It clearly isn’t (1):  It typically takes no more than one or two relists to give a Justice time to review a case in detail to know whether concerns raised by another Justice warrant a grant.  Nor do I think summary reversal is in the offing.  That step ordinarily is reserved for cases in which an appeals court decision is clearly erroneous under established law, and in my view, the law in this area wouldn’t support a showing that the Eleventh Circuit’s decision was so clearly wrong as to warrant summary reversal.  Thus, it seems likely that someone is writing a dissent from denial of certiorari.  I would think the favorite candidate to author such an opinion would be Justice Stevens, the author of numerous opinions with “Rumsfeld” in the caption (i.e., war on terror detention opinions–majority opinions in Rasul v. Bush, 542 U.S. 466 (2004), and Hamdan v. Rumsfeld, supra, and a dissent in Rumsfeld v. Padilla, 542 U.S. 426 (2004)) and who, as a veteran, may not be a huge fan of a provision stating that the Third Geneva Convention won’t support a habeas petition.   Another possibility is Justice Breyer, who dissented from the Court’s opinion two terms ago in Medellin v. Texas, supra, the Court’s most recent exegesis on what makes a treaty self-executing and on Congress’s ability to change domestic law notwithstanding an earlier treaty. 

With apologies to General Noriega, I doubt the dissenters are very much concerned about his case, but rather are concerned because of its implications for an entirely different class of cases.  Section 5 of the 2006 MCA, after all, wasn’t enacted to address Noriega’s confinement, but rather to address (among other things) detention of suspected enemy combatants in the war on terror.  The Justice Department invoked the Eleventh Circuit’s decision the day after it was announced in a filing in D.C. District Court to oppose claims by Guantanamo detainees challenging their conditions of confinement under the Third Convention.  As Noreiga’s reply brief states, “[t]he decision below affects the rights of hundreds of prisoners in United States’ custody.  While these prisoners are currently designated ‘enemy combatants,’ no court has yet decided their status under the Geneva Convention.”  Reply Br. 1. 

In Boumediene v. Bush, 128 S. Ct. 2229 (2008), the Supreme Court invalidated section 7 of the MCA, holding it violated the Suspension Clause to the extent that it “deprive[d] the federal courts of jurisdiction to entertain the habeas corpus actions” brought by alien enemy combatants.  Id. at 2244, 2274.  In a footnote in its brief in opposition in this case, the government distinguishes section 5 from section 7, stating that “[u]nlike Section 7, which was a jurisdiction-stripping provision, Section 5 does nothing to prevent a person from seeking habeas relief.  It merely removes ‘one substantive provision of law upon which a party might rely in seeking habeas relief.’”  Br. in Opp. 8 n.* (quoting the Eleventh Circuit’s decision).  Although the Eleventh Circuit similarly concluded that “[w]e are not presented with a situation in which potential petitioners are effectively banned from seeking habeas relief because any constitutional rights or claims are unavailable,” it may be that some of the Justices disagree, or at least have sufficient concerns that they’d like to hear the case on the merits.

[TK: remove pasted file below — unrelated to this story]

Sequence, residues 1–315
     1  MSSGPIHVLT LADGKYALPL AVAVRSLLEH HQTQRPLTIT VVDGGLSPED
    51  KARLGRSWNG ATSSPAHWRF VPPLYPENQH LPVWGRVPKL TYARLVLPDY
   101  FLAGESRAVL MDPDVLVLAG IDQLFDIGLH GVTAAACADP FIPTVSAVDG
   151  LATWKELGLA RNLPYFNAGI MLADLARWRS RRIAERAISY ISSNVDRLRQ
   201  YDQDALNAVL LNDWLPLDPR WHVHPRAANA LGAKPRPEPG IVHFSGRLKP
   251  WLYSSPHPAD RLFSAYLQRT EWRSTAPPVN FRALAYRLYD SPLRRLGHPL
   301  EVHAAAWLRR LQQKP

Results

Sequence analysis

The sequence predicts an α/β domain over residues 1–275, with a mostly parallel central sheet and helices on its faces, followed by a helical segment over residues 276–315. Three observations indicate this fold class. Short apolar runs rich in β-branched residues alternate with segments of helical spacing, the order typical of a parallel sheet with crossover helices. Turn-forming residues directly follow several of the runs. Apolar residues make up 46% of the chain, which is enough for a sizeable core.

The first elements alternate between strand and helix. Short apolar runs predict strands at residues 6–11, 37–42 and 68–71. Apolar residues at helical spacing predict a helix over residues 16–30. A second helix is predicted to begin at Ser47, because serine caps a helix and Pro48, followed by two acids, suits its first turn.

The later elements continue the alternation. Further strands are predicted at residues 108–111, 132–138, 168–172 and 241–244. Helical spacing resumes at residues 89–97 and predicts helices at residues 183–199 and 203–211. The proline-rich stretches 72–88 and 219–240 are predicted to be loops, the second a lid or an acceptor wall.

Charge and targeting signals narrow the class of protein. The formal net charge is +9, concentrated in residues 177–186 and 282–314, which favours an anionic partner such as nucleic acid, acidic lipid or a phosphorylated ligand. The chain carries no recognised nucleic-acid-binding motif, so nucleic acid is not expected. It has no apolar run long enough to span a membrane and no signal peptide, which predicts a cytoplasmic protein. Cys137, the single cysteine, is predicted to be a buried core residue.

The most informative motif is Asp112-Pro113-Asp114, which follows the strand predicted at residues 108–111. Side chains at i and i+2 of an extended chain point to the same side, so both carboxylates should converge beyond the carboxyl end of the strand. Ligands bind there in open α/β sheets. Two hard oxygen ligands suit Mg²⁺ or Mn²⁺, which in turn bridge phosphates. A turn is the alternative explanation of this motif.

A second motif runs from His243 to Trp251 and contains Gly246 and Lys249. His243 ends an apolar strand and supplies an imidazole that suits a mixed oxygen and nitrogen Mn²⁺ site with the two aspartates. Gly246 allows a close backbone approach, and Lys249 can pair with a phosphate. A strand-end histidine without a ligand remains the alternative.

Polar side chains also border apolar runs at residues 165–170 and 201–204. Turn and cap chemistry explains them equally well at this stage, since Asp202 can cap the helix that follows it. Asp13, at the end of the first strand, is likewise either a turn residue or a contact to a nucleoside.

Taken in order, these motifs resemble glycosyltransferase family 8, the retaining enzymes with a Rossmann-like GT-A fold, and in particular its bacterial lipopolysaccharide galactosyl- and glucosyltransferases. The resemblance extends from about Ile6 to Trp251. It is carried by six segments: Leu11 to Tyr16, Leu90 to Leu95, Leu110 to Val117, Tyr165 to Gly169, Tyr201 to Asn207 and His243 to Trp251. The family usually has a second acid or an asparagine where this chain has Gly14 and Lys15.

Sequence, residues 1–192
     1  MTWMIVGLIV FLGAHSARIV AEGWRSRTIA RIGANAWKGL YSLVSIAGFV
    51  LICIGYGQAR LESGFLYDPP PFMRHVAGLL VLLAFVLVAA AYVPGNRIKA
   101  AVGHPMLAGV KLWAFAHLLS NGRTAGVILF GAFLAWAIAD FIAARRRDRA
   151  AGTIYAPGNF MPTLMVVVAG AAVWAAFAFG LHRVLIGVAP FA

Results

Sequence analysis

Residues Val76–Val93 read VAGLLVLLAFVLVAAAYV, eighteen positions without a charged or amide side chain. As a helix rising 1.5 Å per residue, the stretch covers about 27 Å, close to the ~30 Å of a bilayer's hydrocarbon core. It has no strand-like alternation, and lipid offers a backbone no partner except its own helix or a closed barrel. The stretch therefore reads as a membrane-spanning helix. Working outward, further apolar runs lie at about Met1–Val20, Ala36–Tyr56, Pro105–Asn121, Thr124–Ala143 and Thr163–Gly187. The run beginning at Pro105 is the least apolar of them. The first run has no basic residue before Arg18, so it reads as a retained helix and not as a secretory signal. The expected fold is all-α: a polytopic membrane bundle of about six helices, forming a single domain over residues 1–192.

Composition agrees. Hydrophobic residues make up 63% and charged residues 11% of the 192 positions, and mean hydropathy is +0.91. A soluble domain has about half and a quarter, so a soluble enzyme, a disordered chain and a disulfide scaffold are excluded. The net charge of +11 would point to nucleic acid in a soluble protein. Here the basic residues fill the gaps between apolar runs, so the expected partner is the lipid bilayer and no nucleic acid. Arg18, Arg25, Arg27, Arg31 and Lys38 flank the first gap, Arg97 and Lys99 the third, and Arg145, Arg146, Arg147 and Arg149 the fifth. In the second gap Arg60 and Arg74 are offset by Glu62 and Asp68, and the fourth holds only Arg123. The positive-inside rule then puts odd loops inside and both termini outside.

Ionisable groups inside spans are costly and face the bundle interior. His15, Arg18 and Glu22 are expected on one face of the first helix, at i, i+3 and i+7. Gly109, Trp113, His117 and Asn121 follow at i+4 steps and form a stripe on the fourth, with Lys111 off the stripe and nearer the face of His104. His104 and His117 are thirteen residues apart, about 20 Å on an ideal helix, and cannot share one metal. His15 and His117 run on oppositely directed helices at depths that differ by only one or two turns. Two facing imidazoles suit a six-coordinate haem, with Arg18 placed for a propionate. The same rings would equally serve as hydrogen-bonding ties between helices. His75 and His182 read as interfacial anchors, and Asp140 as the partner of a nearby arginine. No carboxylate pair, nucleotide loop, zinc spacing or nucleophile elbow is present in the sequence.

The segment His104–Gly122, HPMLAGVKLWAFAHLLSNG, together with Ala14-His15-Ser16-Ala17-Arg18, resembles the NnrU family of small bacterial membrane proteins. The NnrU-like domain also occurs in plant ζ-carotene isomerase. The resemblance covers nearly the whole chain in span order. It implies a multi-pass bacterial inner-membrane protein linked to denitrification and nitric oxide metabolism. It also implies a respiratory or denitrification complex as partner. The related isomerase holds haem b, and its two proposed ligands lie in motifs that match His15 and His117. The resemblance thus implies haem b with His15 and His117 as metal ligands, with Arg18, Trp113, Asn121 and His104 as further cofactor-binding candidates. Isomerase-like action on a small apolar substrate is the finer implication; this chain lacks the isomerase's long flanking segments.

But it’s even taking a bit long to get out a simple dissent from denial of cert., which may suggest that someone who opposes cert has filed a concurrence in the denial of cert, and the concurrence and dissent are busy trading barbs.  See, e.g., Callins v. Collins, 510 U.S. 1141 (1994) (Scalia, J., concurring in denial of cert, and Blackmun, J., dissenting from it).  As suggested by the Callins cite, one obvious candidate is Justice Scalia, who has written similar opinions before and who has been known to disagree with Justice Stevens on detention issues (except in Hamdi v. Rumsfeld, 542 U.S. 507 (2004)).  Another possibility, suggested by my former OLC colleague Steve Engel, is Chief Justice Roberts, who was the author of the majority opinion in Medellin.  (Or perhaps, as discussed in earlier posts, it may just be that everything is gummed up because of Citizens United.)

As an aside, note that the D.C. Circuit’s important war on terror detention opinion today, Al-Bihani v. Obama, notes that “the MCA of 2006, in a provision not altered by the MCA of 2009, explicitly precludes detainees from claiming the Geneva conventions—which include criteria to determine who is entitled to P.O.W. status—as a source of rights.  See 2006 MCA sec. 5(a).”  (Thanks again to the eagle-eyed Steve Engel for the tip.)

UPDATE (January 11, 2010): The Court has relisted the case a ninth time.  It’s on again for conference this coming Friday, January 15.